When the positive reviews and box-office success of Shin Godzilla started to become evident around its original Japanese release last year, it seemed almost too good to be true. The film had real pedigree; co-directed by the powerhouse double act of Hideaki Anno - Evangelion’s mastermind - and Shinji Higuchi, the man behind a string of big-name disaster/monster movie blockbusters including the live action Attack on Titan efforts. It seemed like somehow, the stars had aligned and a properly decent Godzilla movie had emerged, primed and ready to save us from a succession of so-so Western efforts. But all the hot air and praise can’t quite prepare you for just *how* good Shin Godzilla really is. Like a fine whiskey, initial contact can come as a bracing shock, but as you settle back and mellow in its complex flavours, its true quality spreads its way through every inch of your body.
For this take on Japanese cinema’s most enduring icon, Anno and Higuchi take a bold approach - one that owes a lot to the reportage style Anno honed on Evangelion; even going as far as to ape the exact same typeface and musical motifs as Evangelion itself. Presenting the events of the movie in a manner similar to rolling 24-hour news coverage, complete with brash, capitalised stamps of every principle character’s name and job-title as they are introduced, there’s a touch of Kinji Fukasaku’s directorial style here too, bringing an electric intensity to what will no doubt be the deal breaker to many - the fact that vast swathes of Shin Godzilla focus on what are essentially talking-head meetings between politicians and public servants.
In many ways, it’s this very Japanese depiction of officialdom that lies at the heart of the movie - with Godzilla himself as something of a sideshow. Presenting a daring, scathing view of red-tape culture and a deeply ingrained attitude of slippery bureaucracy, many of the film’s most memorable scenes impact all the harder in how close to home they strike for anyone who has run up against corporate inactivity. Something that needs doing but no-one willing to stand up and take ownership? Shin Godzilla nails this atmosphere with finely tooled precision. Casting your principal players as besuited, anonymous civil servants might rankle with some expecting chiselled, lone maverick action heroes, but for those sick of the Hollywood star-vehicle model, Shin Godzilla’s ensemble cast feel actually ends up breeding a more involved kind of empathy - placing the audience themselves in the position of Tokyo’s beleaguered civilian populace. This isn’t a battle between colossal individuals - it’s a fight to protect the very unique relationship between humanity and the cities we make our homes; something rammed home in the memorable closing scenes where Tokyo’s infrastructure itself (including bullet trains and construction vehicles) are used to attack Godzilla.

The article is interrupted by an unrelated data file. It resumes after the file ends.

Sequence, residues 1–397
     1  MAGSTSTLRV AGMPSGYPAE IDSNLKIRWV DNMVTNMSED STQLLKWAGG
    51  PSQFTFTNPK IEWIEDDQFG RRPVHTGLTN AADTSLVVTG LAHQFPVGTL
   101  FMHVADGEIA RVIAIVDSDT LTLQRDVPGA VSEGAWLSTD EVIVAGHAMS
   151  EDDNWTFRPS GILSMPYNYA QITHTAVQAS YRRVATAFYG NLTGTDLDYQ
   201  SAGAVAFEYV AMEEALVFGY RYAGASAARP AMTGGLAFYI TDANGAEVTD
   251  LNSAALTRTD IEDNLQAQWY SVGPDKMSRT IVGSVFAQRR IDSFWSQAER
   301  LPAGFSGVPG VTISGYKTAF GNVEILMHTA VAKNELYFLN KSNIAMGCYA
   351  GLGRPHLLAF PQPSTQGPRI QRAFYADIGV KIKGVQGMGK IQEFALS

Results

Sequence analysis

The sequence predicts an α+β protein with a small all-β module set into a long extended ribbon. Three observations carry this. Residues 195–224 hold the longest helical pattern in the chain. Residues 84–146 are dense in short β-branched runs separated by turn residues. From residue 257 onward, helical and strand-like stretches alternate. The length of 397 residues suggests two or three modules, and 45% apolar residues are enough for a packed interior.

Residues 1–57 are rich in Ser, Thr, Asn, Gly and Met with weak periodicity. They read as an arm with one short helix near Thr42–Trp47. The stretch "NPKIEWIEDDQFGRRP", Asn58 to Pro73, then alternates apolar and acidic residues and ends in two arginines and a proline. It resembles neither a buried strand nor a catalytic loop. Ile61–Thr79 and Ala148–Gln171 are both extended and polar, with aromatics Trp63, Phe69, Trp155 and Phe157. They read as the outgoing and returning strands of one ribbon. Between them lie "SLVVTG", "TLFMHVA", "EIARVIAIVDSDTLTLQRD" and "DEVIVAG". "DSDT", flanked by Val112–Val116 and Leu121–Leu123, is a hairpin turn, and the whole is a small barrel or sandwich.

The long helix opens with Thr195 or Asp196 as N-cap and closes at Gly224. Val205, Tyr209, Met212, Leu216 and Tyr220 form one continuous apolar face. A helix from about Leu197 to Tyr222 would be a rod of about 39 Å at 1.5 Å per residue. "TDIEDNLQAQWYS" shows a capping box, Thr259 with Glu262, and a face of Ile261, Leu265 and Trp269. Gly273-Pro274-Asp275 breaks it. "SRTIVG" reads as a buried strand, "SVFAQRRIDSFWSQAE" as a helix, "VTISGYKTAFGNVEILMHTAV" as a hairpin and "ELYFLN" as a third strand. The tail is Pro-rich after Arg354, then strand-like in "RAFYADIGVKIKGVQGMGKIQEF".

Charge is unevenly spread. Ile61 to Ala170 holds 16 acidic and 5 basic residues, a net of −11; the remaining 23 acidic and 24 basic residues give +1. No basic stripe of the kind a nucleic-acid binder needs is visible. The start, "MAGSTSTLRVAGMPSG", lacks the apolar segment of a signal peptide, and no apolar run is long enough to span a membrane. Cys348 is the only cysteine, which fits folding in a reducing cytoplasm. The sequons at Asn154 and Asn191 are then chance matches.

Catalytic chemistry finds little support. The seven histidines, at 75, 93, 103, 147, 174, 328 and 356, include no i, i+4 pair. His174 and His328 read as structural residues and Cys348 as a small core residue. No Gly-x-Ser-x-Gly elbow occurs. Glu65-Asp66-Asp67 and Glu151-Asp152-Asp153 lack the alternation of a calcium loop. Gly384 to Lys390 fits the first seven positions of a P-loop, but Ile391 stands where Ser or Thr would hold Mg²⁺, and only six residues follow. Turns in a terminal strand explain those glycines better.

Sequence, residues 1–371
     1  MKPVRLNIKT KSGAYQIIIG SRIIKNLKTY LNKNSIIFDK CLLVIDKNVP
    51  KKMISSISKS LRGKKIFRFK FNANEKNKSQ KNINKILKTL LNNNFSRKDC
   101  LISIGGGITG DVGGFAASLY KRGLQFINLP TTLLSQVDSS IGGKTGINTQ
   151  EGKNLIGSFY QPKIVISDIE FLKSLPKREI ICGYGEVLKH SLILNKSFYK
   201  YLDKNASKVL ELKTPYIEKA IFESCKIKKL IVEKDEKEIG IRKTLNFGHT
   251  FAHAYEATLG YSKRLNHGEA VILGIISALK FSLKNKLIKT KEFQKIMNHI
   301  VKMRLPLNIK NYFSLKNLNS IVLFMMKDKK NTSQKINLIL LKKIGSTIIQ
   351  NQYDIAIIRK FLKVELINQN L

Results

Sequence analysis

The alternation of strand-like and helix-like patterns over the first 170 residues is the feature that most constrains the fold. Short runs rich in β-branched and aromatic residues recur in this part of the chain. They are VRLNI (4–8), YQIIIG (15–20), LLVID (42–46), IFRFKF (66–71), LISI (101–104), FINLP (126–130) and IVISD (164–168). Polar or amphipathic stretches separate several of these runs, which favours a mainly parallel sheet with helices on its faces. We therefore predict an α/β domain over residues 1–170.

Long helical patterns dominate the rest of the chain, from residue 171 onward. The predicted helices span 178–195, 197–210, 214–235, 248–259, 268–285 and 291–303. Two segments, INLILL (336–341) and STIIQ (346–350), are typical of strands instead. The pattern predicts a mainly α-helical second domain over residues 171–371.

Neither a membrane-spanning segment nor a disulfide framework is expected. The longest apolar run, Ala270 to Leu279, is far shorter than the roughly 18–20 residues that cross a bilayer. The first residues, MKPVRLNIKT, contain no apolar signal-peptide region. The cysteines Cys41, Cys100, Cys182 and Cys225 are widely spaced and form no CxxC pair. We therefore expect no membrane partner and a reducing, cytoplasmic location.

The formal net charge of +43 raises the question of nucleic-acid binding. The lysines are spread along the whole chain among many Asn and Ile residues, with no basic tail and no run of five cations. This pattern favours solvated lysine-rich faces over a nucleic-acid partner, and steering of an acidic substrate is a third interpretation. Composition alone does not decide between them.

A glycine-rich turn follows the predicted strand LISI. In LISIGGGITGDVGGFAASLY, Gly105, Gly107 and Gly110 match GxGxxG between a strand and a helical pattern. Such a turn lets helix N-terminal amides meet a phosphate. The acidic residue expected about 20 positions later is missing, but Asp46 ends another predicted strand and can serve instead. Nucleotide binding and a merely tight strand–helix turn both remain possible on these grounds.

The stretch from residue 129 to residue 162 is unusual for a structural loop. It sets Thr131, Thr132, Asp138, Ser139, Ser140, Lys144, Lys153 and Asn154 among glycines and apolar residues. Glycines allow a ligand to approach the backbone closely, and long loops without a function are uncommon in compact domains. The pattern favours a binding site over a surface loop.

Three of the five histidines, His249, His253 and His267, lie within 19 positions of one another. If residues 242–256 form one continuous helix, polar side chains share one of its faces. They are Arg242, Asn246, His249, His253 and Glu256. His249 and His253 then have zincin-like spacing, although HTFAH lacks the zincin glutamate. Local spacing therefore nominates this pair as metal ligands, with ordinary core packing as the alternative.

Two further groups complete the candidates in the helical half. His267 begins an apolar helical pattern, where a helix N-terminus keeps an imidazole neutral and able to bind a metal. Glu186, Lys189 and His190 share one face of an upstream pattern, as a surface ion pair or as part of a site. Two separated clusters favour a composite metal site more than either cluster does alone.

And what of the titular monster itself? Suffice to say, this Godzilla remains a fascinatingly engaging entity throughout the movie - morphing through various incarnations, beginning with a disgusting, limping fishlike monstrosity; all bulging eyeballs and pulsing gills. Godzilla has always been a giant screen presence, but this time he feels truly alien and unknowable, something utterly beyond and opposed to humanity - a literal fish-out-of-water thrashing through the boxy urban locales of Tokyo like they were paper mache. Many will no doubt envision this destruction in a uniquely post-Fukushima light, and it’s certainly hard to shake the palpable reality that Anno and Higuchi’s visual aesthetic infuses the monster’s rampages with.
Whereas the recent Hollywood incarnation of Godzilla was irrepressibly dark - almost drowning in a sea of washed out, grey-scale blandness - Shin Godzilla comes with a sleek, efficient vitality so very befitting the message it is trying to convey. The film doesn’t just *feel* very Japanese, it looks distinctly Japanese too - and while the CGI and effects work inevitably can’t compete with the scale of the Hollywood incarnations, there’s something refreshing about seeing a blockbuster film like this falling back on traditional techniques like model-work to convey a more physical, tangible incarnation of the iconic monster. This Godzilla feels real, precisely because what you see on-screen *is* real.
At two hours long, Shin Godzilla packs the scale and length befitting a story of this nature, which gradually expands to encompass some knowingly timely nods toward US intervention and nuclear weapons in Japan. The political bite becomes yet another tool in the arsenal, contributing to a can’t-look-away atmosphere that’ll have you on the edge of your seat throughout the finale. For some, the movie’s overriding tone as a sharp satire of Japanese bureaucracy and the political system will be too much - a deal-breaker to those not versed in at least some of the references the film is alluding to. But for those that the movie’s deeper message rings even slightly true for, Shin Godzilla becomes so much more than just another explosive monster movie - one with not only real heart and soul, but with a crucial social message to it. In many ways it feels almost crass to label a piece of populist film-making like Shin Godzilla an ‘Important Movie’, but it’s these more delicate notes that linger in the mind long after the mass-destruction and rollercoaster ride of big-screen thrills have faded away. This might be a Godzilla film in name and practice, but beneath this outer skin, it offers so very much more.